And while there might be free-response questions, they’re less common and sometimes optional.

And lastly, not all market research asks surface-level questions. Some online surveys request much more personal information, such as a person’s health background. If you ever feel uncomfortable completing surveys about specific topics, stop! You always have the option to back out of a survey.

Can Kids Take Online Surveys and Participate in Survey Panels?


parents son kid online debit credit card account

Yes, many websites offer online paid surveys for teens and kids and let them participate in survey panels. Just note that minors often need parental consent to get started, and children might not qualify for all available surveys. (For instance, a company might want to conduct market research specifically about homeowners … and treehouses, while awesome, don’t count.)

Still, multiple survey websites seek out teens’ valued opinions.

Also worth noting is that many survey websites pay out in gift cards, which kids and teens tend to enjoy more than adults.

Are Paid Surveys a Legitimate Way to Earn Money?


Yes, online surveys are a legitimate way to make money online. Corporations use online surveys and survey panels to conduct market research and valued opinions are worth paying to receive.

However, taking surveys doesn’t pay handsomely, even with the best survey sites. Paid surveys for teens and kids can generate some extra money they otherwise might not have earned, but you won’t get rich through online surveys.

Survey sites can be a little complicated—many have points systems, where completed surveys earn points that can then be redeemed for cash, gift cards, and other prizes. And some survey websites pay only in gift cards, which isn’t ideal if you have real expenses to pay.

Still, online surveys are easy to do, can be done any time of day, and many even find them fun. For these reasons, they can be a great way for a young adult to earn a little extra cash.

With all that out of the way, let’s look at a number of survey websites that we’ve vetted for you.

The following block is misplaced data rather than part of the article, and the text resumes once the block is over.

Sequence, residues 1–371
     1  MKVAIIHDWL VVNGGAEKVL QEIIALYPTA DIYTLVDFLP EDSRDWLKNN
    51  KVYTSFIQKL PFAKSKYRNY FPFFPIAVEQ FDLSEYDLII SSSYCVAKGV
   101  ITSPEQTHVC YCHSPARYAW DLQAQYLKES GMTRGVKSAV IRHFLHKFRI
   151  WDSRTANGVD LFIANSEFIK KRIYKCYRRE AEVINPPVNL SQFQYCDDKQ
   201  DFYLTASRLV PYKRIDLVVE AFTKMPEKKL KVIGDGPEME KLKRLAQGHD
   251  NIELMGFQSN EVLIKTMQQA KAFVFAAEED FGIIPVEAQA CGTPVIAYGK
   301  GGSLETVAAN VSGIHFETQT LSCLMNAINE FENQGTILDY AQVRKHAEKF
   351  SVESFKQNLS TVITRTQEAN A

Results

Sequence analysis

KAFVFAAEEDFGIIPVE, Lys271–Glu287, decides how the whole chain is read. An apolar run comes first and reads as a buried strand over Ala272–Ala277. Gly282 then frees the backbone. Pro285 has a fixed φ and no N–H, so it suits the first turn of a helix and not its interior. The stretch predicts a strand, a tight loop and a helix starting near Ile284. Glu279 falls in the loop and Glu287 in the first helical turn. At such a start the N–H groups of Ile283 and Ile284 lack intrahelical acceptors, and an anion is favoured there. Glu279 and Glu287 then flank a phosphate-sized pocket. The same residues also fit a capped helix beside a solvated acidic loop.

Best Paid Survey Site Options for Kids and Teens to Make Money Online

1. Branded Surveys ($1 Bonus)


Branded Research sign up

  • Available: Sign up here
  • Minimum age requirement: Must be at least 13 years old to participate. Teens ages 13 to 17 must have parental consent.
  • Platforms: Web, mobile app (iOS, Android)

Branded Surveys, whose surveys educate the market research of Fortune 500 companies, has paid out more than $37 million to more than 3 million users.

The surveys made available to you will depend on your interests and profile information, as well as what research partners currently need. Each survey earns points; you can cash out once you’ve accumulated at least 500 points. Depending on survey length, users make anywhere from 50 cents to $5 per survey.

Users can also earn points through daily challenges and service offerings.

You can use your points toward gift cards from more than 100 brands, receive cash in your PayPal or bank account, or even make a charitable donation.

Related: Best Credit Cards for Teens [Build Credit]

2. Scrambly


Scrambly signup

  • Available: Sign up here
  • Minimum age requirement: 13
  • Platforms: Web

Scrambly rewards you for a number of tasks—completing surveys, yes, but also testing companies’ products and playing games on their phones, making this possibly one of the most fun paid-survey sites for teens.

In exchange for completing tasks, you get coins that can be exchanged for cash back to a PayPal account, Visa gift cards, or gift cards to a small number of vendors, including Amazon, Walmart, and Spotify. And if users invite friends, they earn a commission on their friends’ lifetime earnings.

The survey aspect of the site is pretty straightforward—you’ll receive questionnaires similar to what you get with other paid survey sites. But what makes Scrambly stand out is the ability to earn money by trying out products and services from the likes of AARP, Cash App Taxes, and Disney+.

Scrambly has a pretty loose cash-out policy that allows you to redeem points instantly, with a low $1 minimum for cash and $5 for gift cards.

One major shortcoming is the lack of a mobile app—you can only participate on Scrambly via web browser. Also, its gift-card program only works with a few vendors, giving you far less selection than similar sites.

Related: 9 Best Online Stock Brokers for Beginners